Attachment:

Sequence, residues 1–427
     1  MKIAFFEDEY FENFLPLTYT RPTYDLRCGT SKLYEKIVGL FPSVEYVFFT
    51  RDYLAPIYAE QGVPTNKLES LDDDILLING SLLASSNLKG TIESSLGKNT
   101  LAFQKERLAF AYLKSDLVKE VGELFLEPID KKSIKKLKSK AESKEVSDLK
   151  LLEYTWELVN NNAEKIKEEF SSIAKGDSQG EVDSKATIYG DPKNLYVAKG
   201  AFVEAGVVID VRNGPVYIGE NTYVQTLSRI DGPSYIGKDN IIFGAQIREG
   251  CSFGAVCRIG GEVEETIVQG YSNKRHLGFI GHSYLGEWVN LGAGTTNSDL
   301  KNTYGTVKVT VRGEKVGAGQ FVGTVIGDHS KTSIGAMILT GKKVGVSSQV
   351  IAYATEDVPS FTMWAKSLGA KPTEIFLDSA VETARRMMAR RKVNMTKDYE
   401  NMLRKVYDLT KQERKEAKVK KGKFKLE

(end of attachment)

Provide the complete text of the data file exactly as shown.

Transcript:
Sequence, residues 1–427
     1  MKIAFFEDEY FENFLPLTYT RPTYDLRCGT SKLYEKIVGL FPSVEYVFFT
    51  RDYLAPIYAE QGVPTNKLES LDDDILLING SLLASSNLKG TIESSLGKNT
   101  LAFQKERLAF AYLKSDLVKE VGELFLEPID KKSIKKLKSK AESKEVSDLK
   151  LLEYTWELVN NNAEKIKEEF SSIAKGDSQG EVDSKATIYG DPKNLYVAKG
   201  AFVEAGVVID VRNGPVYIGE NTYVQTLSRI DGPSYIGKDN IIFGAQIREG
   251  CSFGAVCRIG GEVEETIVQG YSNKRHLGFI GHSYLGEWVN LGAGTTNSDL
   301  KNTYGTVKVT VRGEKVGAGQ FVGTVIGDHS KTSIGAMILT GKKVGVSSQV
   351  IAYATEDVPS FTMWAKSLGA KPTEIFLDSA VETARRMMAR RKVNMTKDYE
   401  NMLRKVYDLT KQERKEAKVK KGKFKLE